Also, Andy, provide some sort of substantiation that John is a “big fan” of the Leo Frank lynching. “As I recall” isn’t documentation enough for me. It’s always good to go to the original comments, see what the person actually said, and perhaps the reasons behind their view — because when a heritage person’s comments get filtered through flogger animosity, flogger distortion and flogger ridicule, they usually bear little resemblance to the original content. Without substantiation, your comment is nothing more than a gratuitous smear attempt.

    The ridicule, mocking and derision in threads like this demonstrate that people who CLAIM they are “about history” are really aren’t, or else they’d offer correction for what they see as historical inaccuracy and be done with it. But one almost never sees that on flogger flogs. What one sees is people wallowing in pleasurable gratification created by their own denigration and evilization of others based on personal opinions about race.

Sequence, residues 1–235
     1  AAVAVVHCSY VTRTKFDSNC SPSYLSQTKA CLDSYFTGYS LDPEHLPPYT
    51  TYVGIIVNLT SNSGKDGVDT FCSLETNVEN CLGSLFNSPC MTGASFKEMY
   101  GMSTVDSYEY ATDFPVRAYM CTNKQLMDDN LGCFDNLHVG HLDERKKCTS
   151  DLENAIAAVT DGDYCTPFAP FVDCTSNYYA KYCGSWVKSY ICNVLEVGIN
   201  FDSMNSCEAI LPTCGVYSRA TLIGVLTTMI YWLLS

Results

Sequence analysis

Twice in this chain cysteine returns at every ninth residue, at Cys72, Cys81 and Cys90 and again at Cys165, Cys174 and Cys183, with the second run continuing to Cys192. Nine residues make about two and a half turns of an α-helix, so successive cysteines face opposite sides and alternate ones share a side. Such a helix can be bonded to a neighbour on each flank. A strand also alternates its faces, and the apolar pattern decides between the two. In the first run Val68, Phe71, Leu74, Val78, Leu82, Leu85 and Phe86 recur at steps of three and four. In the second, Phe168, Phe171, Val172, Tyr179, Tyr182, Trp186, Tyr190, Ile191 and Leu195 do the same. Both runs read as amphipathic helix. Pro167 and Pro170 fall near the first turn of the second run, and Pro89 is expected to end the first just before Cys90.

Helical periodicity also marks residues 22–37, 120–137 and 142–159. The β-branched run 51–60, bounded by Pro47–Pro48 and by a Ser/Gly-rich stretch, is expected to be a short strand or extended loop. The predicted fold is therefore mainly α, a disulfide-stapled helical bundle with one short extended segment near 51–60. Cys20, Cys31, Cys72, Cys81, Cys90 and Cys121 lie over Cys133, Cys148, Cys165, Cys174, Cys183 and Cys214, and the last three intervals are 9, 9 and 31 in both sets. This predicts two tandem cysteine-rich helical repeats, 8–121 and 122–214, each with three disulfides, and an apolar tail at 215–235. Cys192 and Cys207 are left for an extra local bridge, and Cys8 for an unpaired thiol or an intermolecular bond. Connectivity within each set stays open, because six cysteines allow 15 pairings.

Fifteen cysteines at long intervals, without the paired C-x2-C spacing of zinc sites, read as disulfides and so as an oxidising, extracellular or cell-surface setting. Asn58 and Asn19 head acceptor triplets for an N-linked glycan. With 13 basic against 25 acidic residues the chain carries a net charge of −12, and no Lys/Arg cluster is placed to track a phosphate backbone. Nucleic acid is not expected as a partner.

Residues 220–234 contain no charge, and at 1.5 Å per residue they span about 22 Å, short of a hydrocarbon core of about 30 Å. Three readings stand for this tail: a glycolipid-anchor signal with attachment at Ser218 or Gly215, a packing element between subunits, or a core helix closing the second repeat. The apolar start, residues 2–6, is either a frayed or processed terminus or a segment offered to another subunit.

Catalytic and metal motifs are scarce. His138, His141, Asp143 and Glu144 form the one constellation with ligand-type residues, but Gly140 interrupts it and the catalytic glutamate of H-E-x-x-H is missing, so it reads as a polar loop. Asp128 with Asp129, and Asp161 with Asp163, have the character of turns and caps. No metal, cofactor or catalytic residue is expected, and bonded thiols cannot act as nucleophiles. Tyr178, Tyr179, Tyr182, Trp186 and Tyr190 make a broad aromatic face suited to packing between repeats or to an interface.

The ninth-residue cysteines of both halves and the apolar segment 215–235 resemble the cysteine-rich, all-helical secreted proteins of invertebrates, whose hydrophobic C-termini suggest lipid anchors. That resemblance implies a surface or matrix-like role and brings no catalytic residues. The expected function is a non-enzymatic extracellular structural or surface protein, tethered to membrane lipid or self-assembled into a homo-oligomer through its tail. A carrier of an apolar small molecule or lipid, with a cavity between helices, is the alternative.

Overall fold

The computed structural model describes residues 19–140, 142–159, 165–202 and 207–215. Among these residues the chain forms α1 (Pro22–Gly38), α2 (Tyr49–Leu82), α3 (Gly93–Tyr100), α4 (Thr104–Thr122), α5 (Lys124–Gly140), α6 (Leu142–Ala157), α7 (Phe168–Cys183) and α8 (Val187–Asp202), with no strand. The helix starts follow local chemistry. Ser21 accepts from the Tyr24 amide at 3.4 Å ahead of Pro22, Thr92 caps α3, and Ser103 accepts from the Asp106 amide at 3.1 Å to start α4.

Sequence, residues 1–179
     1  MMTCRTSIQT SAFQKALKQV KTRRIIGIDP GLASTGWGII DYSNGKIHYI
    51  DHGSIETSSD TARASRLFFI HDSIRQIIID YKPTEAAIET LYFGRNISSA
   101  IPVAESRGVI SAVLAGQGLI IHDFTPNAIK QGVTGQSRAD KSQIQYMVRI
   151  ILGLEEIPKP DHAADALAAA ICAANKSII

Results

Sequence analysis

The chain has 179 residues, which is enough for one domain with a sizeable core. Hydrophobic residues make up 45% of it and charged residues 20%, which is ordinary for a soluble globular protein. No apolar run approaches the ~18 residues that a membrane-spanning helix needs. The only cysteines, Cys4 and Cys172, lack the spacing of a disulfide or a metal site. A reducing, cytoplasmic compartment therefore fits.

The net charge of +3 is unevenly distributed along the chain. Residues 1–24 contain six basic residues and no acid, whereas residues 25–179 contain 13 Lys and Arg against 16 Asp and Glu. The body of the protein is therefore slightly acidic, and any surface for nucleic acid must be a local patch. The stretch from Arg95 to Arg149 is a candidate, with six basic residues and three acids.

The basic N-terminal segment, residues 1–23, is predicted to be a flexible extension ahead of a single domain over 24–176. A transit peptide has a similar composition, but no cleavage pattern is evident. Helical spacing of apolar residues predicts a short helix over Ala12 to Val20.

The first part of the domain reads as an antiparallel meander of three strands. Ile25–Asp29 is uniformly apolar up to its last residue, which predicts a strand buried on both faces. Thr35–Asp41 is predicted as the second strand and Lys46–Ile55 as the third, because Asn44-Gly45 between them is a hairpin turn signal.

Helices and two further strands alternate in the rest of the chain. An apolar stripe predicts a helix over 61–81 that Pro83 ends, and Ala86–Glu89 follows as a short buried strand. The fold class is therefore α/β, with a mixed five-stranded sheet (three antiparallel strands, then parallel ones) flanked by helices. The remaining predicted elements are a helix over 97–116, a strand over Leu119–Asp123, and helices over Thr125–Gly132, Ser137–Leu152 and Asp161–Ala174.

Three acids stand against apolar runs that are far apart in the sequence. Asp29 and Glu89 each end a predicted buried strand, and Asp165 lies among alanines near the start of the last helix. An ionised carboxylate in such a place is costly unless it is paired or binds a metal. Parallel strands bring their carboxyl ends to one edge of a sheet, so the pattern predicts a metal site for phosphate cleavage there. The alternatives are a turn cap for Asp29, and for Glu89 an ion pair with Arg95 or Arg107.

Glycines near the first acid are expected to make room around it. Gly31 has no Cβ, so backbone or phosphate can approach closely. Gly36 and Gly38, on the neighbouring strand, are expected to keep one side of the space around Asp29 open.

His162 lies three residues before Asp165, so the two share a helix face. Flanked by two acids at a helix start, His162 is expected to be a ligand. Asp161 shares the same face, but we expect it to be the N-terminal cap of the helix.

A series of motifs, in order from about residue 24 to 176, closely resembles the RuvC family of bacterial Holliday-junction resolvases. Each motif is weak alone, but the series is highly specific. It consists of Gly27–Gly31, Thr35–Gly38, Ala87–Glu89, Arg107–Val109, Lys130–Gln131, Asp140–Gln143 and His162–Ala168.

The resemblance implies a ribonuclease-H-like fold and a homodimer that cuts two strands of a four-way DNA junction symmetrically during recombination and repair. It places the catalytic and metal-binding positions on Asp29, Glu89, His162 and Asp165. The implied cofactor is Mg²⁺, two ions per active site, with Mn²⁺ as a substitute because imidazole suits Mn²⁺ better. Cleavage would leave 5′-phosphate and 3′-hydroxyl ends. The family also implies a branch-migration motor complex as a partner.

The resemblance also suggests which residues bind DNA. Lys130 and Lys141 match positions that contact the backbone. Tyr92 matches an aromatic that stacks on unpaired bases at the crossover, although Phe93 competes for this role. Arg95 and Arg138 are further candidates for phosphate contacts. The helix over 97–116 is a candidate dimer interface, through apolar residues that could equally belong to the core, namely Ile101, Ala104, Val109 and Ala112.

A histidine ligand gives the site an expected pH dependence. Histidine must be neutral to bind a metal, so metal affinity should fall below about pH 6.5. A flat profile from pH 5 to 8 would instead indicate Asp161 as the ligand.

BTW, Andy, have you acknowledged on your blog that the discrimination case against Paula Deen has been thrown out? You made a big deal out of that, excoriating her odious racist behavior toward her employees — which, as it turns out, never happened….

    Parting shot — a question I’ve posed that never gets answered by your ilk. Is a preference for the dissimilar morally superior to a preference for the similar? Why or why not?

    1. Hi, Connie, it’s always a pleasure.